OTTAWA - A lawyer for the Conservatives says freedom of expression for political candidates is at stake in a Federal Court case over $1.2 million worth of disputed party advertising in the 2006 election.
Michel Decary told the court Tuesday that even though the radio and television ads promoted the party's slogan for the election and Prime Minister Stephen Harper, it was legal under federal election law for local candidates to claim the expenses.
"Freedom of speech to address political issues is exported to the world of markets and branding," Decary told Judge Luc Martineau, urging him not to go too far interpreting the election law.
He said a ruling against the Conservatives could lead to federal election officials reviewing the content of candidate election advertising, encroaching into the area of free speech.
"My statement to the court is just to watch out how we deal with this and not go overboard," said Decary.
The question of whether the contested ads should have been claimed as expenses by the party or local candidates is one of several key issues in the two-year-old battle between Chief Electoral Marc Mayrand and the Tories.
An adverse ruling in Federal Court could put the party more than $1 million over its legal expense limit for the election.
Mayrand ruled in April 2007 that 67 Conservative candidates would not get reimbursements for the expenses. The elections agency argues the expenses were incurred by the party and the advertising was produced for its national campaign, which has a separate accounting system under the Canada Elections Act.
Decary argued there are no local issues in federal elections. Candidates legitimately entered agreements with the party to air the "Stand Up For Canada" ads in their cities and regions, he said.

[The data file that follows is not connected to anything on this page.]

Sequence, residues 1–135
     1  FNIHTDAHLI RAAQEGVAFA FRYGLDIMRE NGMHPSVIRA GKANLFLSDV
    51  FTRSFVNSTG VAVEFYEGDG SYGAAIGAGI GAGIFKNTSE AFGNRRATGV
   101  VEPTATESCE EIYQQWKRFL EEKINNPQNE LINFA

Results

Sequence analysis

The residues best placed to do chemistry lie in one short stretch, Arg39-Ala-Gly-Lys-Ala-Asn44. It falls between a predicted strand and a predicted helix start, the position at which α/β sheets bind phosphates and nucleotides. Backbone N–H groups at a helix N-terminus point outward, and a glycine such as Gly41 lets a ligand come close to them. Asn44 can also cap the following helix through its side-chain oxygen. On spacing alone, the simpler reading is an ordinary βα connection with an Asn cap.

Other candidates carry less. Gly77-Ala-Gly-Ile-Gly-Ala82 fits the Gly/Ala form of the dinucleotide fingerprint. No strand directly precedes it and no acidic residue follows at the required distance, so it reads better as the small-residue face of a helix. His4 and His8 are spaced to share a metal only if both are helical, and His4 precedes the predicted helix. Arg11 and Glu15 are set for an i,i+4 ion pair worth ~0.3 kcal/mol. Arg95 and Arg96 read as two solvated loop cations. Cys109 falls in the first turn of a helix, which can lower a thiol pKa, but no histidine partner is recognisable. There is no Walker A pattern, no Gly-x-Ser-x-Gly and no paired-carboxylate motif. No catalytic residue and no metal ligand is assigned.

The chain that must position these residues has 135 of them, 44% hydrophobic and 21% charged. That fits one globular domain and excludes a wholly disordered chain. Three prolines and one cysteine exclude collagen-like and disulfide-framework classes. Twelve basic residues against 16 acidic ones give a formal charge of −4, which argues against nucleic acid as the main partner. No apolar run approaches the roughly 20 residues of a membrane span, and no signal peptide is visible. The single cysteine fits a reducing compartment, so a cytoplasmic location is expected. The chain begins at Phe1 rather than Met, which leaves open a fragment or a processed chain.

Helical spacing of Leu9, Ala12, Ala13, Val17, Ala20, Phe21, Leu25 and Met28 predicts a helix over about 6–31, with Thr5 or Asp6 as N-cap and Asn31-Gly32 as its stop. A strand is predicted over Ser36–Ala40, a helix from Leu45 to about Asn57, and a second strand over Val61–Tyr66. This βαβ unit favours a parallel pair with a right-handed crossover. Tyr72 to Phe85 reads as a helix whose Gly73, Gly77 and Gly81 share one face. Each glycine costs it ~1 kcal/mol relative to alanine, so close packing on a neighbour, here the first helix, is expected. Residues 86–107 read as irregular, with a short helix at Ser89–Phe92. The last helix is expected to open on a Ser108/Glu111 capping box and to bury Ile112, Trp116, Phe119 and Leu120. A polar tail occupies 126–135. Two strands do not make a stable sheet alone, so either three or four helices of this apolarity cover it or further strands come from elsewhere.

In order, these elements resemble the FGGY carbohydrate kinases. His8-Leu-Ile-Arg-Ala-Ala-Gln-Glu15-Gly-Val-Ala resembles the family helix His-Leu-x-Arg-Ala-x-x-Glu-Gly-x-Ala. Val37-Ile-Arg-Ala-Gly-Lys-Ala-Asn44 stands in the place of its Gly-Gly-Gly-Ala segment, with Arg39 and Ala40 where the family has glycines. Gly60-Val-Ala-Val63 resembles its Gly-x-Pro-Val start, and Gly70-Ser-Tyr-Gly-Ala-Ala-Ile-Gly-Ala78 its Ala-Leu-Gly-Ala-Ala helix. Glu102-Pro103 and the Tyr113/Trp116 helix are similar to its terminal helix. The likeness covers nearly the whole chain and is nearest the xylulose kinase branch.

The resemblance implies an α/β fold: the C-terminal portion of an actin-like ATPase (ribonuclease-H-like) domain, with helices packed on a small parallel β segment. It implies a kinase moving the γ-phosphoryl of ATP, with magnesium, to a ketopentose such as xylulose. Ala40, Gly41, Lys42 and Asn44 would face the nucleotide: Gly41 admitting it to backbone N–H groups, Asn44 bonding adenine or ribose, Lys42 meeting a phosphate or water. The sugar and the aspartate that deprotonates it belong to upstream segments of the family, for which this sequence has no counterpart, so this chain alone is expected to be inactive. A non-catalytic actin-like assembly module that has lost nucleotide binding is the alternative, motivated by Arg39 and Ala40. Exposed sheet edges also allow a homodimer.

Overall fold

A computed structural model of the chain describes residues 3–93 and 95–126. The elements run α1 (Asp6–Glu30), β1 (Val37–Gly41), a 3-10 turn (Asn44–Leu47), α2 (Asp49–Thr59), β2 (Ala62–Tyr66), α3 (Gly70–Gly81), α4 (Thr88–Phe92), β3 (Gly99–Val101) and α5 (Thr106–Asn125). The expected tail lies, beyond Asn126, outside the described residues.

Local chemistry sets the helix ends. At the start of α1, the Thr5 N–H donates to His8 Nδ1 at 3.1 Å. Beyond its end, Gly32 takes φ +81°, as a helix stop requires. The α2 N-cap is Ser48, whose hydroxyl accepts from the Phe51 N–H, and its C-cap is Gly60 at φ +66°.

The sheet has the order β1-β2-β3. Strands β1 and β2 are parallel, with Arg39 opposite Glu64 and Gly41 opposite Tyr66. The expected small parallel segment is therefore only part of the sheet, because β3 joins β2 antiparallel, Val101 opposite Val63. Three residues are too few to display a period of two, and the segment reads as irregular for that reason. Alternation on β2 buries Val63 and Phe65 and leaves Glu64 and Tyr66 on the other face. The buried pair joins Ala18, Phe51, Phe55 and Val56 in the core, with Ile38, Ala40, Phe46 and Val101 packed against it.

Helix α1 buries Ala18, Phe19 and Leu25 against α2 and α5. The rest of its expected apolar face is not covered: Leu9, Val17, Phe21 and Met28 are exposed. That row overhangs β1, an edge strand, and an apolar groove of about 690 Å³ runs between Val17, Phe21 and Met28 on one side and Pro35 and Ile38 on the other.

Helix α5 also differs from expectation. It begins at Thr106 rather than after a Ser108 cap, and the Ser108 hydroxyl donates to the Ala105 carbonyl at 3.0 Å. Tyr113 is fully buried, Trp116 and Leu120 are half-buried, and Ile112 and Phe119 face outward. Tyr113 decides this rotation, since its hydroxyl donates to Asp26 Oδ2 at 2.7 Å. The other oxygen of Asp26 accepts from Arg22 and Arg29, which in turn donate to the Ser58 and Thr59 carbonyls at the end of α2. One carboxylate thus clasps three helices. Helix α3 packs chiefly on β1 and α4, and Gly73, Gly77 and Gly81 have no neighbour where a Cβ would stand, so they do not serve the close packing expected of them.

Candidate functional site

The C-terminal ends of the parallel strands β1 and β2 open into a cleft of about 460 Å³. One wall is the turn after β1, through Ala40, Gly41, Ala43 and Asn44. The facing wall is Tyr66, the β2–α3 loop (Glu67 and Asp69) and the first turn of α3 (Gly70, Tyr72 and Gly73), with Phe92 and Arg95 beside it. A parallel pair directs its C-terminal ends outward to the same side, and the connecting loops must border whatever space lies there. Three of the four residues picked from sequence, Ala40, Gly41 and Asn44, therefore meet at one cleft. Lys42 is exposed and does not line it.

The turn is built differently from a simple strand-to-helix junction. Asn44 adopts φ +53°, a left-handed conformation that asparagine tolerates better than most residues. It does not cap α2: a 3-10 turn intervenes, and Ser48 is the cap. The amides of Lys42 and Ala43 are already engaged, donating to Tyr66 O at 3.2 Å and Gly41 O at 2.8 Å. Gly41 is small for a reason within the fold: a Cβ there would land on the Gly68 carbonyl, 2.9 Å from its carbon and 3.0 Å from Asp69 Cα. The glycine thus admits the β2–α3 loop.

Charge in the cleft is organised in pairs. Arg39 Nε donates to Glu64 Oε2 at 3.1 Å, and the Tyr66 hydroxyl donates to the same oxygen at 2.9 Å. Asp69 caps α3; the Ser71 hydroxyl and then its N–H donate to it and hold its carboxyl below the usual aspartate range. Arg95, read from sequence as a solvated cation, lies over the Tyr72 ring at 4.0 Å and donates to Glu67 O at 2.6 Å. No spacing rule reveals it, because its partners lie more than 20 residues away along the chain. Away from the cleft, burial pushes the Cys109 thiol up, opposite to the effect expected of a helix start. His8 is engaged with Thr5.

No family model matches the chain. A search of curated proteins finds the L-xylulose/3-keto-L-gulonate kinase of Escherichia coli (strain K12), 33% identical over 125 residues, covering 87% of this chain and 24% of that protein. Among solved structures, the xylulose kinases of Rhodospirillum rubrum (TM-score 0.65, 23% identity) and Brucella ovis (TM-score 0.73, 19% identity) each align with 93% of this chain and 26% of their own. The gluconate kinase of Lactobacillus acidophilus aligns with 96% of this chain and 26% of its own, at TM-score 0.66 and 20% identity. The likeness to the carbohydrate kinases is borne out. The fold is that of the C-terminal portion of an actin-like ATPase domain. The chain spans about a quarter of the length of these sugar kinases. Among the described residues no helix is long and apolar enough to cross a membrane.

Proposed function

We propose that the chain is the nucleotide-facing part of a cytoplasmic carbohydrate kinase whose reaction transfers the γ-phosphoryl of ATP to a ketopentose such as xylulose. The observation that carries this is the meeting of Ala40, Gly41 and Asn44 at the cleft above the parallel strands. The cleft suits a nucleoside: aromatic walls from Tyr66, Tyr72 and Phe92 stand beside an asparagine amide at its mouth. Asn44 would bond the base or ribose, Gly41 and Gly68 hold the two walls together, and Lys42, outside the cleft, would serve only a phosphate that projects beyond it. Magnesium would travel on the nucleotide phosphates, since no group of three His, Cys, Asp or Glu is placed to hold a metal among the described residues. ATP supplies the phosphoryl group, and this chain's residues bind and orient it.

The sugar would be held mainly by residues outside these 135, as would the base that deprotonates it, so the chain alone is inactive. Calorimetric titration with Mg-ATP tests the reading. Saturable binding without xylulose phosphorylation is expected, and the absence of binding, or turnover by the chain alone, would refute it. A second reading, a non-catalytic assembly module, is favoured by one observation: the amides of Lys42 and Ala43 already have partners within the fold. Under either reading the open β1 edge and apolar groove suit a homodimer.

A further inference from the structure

An Elections Canada handbook for candidates expressly stated their advertising could support or oppose the election of candidates, leaders or political parties, Decary argued. Elections Canada changed the handbook in 2007 to limit advertising support or opposition to candidates only, saying the change expressed the intent of several sections of the act combined.
The content of the ads is only one aspect of the advertising controversy. Expenses are also under investigation by federal election commissioner William Corbett.
Whether the party attempted to skirt its legal limit of $18.3 million by diverting the expenses to candidates is at the heart of the dispute. Nearly all the candidates who took part in the scheme stood little or no chance of winning their contests. Low levels of donor support gave those candidates ample room for campaign expenses.
Another lawyer for the party argued Mayrand's decision to investigate the expenses through audits and questioning of candidates might have eroded the neturality of his office.
Stephen Hamilton cited past court cases over aspects of election law to argue Mayrand should have handed the dispute over to Corbett as soon as he suspected violations of the act.
Mayrand referred the issue to Corbett the same day in 2007 that he informed the candidates they would not be getting the reimbursements. Elections Canada had reimbursed 17 of the 67 candidates before it uncovered the discrepancies.
The party transfered cash to cover the cost of the radio and television ads to candidates, who then transferred the money back to the party.
"If there is going to be a fight, the commissioner should get into the fight," Hamilton told Martineau. "The electoral officer should be above all that.."
Hamilton cited advertising expenses by other parties and their candidates to argue Mayrand treated the other parties differently. Martineau pointed out those expenses dealt primarily with non-monetary transfers from parties to candidates.
Election Commissioner William Corbett is also investigating the advertising transactions.